One of the worst recurring fights I have with my 5-year-old is the Battle of the Juice. She wants the stuff all the time. I perpetually try to regulate it. A little juice is okay, but gallons of the stuff? I think not.
Of course, when the topic comes up in the presence of other parents, things only get worse. “What’s wrong with you?” they demand, rolling their eyes at the pathetic hippie dad. “Juice is good for you! It’s the nectar of the Gods!”
I explain that juice is fruit striped of fiber, so it causes sugar spikes just like soda. Furthermore, it provides vast sums of calories quickly, which makes it a huge contributor to America’s increasing obesity problem. Sure, it’s got vitamins and minerals, but the vehicle is flawed. I could put micronutrients in heroin, but you’re still not going to shoot up your kids with that, are you?
They never have a counter argument to this (I think the hard drug reference throws them). But my point is never heard. After a silent, disbelieving beat, they just retort, “But it’s juice!”
So it was with a happy heart that I finally found back-up in the form of this Los Angeles Times article.
A glass of juice concentrates all the sugar from several pieces of fruit. Ounce per ounce, it contains more calories than soda, though it tends to be consumed in smaller servings. A cup of orange juice has 112 calories, apple juice has 114, and grape juice packs 152, according to the U.S. Department of Agriculture. The same amount of Coke has 97 calories, and Pepsi has 100.
And just like soft drinks, juice is rich in fructose — the simple sugar that does the most to make food sweet.
UC Davis scientist Kimber Stanhope has found that consuming high levels of fructose increases risk factors for heart disease and Type 2 diabetes because it is converted into fat by the liver more readily than glucose. Her studies suggest that it doesn’t matter whether the fructose is from soda or juice.
I love this article. It goes on to explain the history of juice and even tries to be somewhat objective.
The link between juice and weight gain isn’t always found, however. In a 2008 review of 21 studies, six supported the connection and 15 did not.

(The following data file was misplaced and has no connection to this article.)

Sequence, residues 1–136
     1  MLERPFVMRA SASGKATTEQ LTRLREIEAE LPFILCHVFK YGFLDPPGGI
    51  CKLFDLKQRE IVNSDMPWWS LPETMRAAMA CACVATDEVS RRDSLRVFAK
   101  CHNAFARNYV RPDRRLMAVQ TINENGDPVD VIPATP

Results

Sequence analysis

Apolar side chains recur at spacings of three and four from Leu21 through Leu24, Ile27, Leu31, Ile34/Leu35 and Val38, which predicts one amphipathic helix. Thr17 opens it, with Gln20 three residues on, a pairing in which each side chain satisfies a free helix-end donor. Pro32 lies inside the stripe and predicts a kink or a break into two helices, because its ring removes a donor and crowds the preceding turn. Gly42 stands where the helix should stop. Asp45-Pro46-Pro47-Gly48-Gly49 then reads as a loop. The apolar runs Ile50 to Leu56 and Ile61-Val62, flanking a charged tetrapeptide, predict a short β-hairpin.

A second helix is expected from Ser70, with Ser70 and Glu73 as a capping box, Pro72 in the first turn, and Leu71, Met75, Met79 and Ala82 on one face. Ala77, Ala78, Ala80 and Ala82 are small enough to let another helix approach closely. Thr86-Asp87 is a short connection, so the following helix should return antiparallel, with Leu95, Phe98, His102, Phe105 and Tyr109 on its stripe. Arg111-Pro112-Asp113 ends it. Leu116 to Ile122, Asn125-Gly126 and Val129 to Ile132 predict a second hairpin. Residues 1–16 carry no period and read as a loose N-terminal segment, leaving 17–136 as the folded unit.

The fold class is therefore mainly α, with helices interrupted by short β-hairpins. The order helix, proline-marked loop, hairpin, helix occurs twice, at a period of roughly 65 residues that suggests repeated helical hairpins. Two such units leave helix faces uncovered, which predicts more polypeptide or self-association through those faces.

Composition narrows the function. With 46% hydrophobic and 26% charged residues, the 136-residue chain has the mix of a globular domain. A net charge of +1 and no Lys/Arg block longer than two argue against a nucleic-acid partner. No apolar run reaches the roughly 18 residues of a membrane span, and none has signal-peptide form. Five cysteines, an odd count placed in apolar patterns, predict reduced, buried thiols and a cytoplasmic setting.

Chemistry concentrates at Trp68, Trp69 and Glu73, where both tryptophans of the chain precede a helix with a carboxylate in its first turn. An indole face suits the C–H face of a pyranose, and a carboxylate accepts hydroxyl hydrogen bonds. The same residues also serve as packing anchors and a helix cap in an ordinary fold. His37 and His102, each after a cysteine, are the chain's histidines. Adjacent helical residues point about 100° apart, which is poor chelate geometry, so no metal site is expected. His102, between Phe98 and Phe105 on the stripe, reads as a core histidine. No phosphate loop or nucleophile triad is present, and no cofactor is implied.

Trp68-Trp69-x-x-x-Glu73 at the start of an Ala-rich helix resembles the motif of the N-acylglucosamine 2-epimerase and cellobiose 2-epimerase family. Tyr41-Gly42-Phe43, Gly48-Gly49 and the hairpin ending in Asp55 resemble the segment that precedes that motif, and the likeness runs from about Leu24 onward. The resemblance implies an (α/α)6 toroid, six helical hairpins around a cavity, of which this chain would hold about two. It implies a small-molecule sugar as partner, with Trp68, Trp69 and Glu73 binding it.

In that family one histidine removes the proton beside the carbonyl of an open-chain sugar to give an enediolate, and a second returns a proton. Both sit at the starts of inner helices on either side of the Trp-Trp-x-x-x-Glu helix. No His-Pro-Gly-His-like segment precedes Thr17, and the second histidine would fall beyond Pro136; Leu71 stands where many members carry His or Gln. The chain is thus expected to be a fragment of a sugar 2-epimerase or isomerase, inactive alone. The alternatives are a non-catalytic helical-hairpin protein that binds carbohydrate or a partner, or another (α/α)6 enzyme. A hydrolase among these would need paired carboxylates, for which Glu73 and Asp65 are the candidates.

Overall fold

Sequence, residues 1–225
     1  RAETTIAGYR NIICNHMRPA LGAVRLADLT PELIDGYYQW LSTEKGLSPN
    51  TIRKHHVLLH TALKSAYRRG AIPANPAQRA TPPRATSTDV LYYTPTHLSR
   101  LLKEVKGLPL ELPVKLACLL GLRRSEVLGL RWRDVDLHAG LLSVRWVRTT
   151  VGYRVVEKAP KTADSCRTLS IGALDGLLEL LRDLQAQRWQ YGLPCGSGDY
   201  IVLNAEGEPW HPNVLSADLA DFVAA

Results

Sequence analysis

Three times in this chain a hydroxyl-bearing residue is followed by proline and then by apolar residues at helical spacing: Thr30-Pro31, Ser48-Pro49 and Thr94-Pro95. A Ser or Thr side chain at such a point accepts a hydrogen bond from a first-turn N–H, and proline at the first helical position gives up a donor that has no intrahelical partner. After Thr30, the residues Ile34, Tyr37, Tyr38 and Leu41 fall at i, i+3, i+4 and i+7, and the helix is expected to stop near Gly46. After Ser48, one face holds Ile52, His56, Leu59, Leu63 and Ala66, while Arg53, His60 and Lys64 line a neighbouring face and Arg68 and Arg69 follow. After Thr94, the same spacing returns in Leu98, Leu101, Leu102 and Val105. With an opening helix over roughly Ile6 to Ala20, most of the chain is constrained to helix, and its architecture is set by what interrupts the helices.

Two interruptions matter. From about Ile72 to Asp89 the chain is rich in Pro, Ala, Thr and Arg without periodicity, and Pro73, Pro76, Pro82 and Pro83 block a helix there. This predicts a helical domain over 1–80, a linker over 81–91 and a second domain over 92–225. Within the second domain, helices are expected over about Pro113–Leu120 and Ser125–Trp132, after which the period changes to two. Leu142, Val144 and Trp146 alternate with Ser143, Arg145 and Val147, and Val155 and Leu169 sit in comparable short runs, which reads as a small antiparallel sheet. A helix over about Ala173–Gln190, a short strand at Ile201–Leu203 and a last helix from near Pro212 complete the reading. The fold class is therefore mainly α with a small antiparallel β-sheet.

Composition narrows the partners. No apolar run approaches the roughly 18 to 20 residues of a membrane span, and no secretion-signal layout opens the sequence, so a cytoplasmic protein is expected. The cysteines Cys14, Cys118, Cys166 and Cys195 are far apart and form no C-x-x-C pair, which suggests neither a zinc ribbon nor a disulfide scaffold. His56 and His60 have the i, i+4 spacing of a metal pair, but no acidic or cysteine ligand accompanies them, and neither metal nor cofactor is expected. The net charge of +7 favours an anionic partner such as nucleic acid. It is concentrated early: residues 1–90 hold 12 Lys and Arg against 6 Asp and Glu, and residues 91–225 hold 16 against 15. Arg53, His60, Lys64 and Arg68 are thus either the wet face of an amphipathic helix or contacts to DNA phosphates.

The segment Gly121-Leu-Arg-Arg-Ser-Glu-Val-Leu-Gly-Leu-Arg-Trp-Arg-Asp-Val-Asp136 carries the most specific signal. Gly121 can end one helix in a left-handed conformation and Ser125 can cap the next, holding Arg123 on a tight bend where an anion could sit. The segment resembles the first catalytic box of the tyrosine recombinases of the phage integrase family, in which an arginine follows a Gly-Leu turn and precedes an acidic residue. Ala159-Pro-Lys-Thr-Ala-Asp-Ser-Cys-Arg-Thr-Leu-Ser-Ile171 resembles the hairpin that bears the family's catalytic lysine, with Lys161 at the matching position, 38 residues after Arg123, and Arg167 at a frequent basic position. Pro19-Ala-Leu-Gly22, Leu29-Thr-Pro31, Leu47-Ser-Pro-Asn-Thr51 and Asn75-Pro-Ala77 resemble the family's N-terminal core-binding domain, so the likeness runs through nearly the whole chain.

In fact, several researchers have linked juice to healthier diets and lower weights. A 2008 report of 3,618 children ages 2 to 11 found that kids who drank at least 6 ounces of juice a day consumed less fat and more vitamins and minerals than kids who drank no juice at all.
But many experts say the data simply reflect a correlation between juice and healthful diets, not a causal relationship.
And for the record, there’s an ocean of difference (literally) between 6 ounces of juice and the supertanker tumblers I see kids suck down daily. I’m comfortable with my daughter drinking 6 ounces. But that whole silly moderation thing seems lost on many parents.
And, in all fairness to Steve’s idol, Jack Lalanne, if you’re super-fit and your body supports a 4000-5000 calorie diet, fresh-squeezed juice is a good way of making up some of those calories. But there’s just no place for juice in the modern child’s fiber-poor, calorie-rich diet.
My favorite part of the article is the conclusion:
“It’s such a normal part of the American diet,” Greer said. “A glass of fresh-squeezed orange juice for breakfast, my goodness!”
Gee whiz, Dr. Greer, I don’t know what to tell ya! Let’s go ask Andy if Aunt Bea gives Opie orange juice for breakfast!
Just because it’s normal doesn’t make it right, for gosh golly’s sake.childhood obesity, jack lalanne, juice, juicing